"Interior designers are educated to become creative professionals who analyze problems from many different perspectives" (Veitch, 7) Taking from Ronald Veitch, designers are not only limited to designing a space well, but in addition, we must be able to explain our designs to others whether they are in our field of professionalism or not. The presentation board that we are putting together in Suzanne's class is a good example of this, as well as a good way of making a formal presentation very professional. Whether it is a digital or physical presentation, certain "rules" remain in effect such as datum, grid, order, and craft to make it look professional. In the professional world, a very common and successful way of representing yourself through your work is by putting together a portfolio. "The audience may be a client, a committee, or merely someone browsing for an idea. Whether produced to assist the client's imagination or to obtain a commission, either privately or through a competition...it should communicate as clearly and accurately as possible..." (Ching, 322) A portfolio is a representation of an artist or a designers best work, and it shows how he/she has progressed and how their work has became stronger. Both my digital and physical portfolio's include my best work, but they also include my process work. That to me is very important when presenting work to clients or employers b/c process is what shows them where you started and where you ended up. It also shows them that you are both experienced and willing to do the project right by taking time to carefully plan out every step. "Writing the design program is clarifying, to the satisfaction of both the client and the designer, exactly what is needed and wanted in the space under construction...it is a lengthy investigative process, sometimes taking up to one-third of the project's total time." (Veitch, 92) Stoel instructed us to include both a bond and vellum copy of all of our work in our portfolio's. "rough draft," or bond copy is the beginning phase. In this copy, the assignment is started and it serves as a reference for the final copy, but it doesn't include the aspects that make it final. The "final draft" or vellum copy is the completed copy with all details such as the borders, name of assignment, north arrows, scale, etc.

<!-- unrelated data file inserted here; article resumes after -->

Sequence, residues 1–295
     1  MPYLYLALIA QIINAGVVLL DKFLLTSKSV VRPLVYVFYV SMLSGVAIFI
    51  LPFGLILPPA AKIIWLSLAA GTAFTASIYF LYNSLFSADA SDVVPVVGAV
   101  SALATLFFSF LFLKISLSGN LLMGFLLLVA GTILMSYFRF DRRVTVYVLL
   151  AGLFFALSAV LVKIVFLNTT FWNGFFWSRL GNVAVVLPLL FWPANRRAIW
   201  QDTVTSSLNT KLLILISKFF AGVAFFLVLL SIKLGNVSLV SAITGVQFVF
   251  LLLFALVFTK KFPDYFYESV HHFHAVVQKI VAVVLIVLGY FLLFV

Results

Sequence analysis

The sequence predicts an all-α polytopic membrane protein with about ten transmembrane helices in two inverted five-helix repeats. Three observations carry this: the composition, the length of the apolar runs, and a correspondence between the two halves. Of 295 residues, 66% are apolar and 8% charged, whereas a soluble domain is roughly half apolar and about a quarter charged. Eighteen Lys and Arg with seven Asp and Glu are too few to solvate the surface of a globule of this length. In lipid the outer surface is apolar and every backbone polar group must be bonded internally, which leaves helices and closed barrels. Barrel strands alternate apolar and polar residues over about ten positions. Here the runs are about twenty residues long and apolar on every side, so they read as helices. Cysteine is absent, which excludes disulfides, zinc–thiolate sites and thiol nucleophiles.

The job of a designer is to take a project/problem and complete it or solve it. With this, I feel that designers should be limited to nothing. The periphery or boundaries are in a sense not present. Of course somethings are not going to work in every design, but the idea is to think outside of the box. Our minds should be more complexed and detailed than our clients. Whether we are given a lead as to what they want or whether we have to start from scratch, the end result should be extreme but functional, and aesthetically pleasing. If our clients have and idea, we should make it a reality. "If nothing is so powerful as an idea whose time has come, nothing is so enevervating as an idea that's been sitting around for years like money not earning any interest. That is precisely the concept of moving from the design of things to the design of the circumstances in which things are used." (Caplan, 152) Also as a designer, our skills should be advanced and practiced enough to where we are not just single-minded about designs. We should obtain different perspectives of design. "The challange in mastering perspective is resolving the conflict between our knowledge of the thing itself...how we perceive its optical reality - as seen through a single eye of the spectator. (Ching, 201) With that being said, we should view the world of design through atleast 2 perspectives: our as the designers, and others as our clients, employers, co-workers, or people in general.

Tying it together:

As designers, we must be professionals in which we always have our work ready to be viewed by generating a portfolio, know and understand the process of design and be able to carry it out, be open to try new things and see design from not just our perspective, but others, and lastly be able to think outside of the periphery of normality.

Caplan, Ralph. By Design. 1982. St. Martin's Press.

Ching, Francis D.K. Design Drawing. 1998. John Wiley and Sons.
New York, NY.
Veitch, Ronald M. Professional Practice. 1931. Peguis Publishers Limited.
Winnipeg, MB.

Thursday, March 5, 2009

Monday, March 2, 2009

Inspiration Artist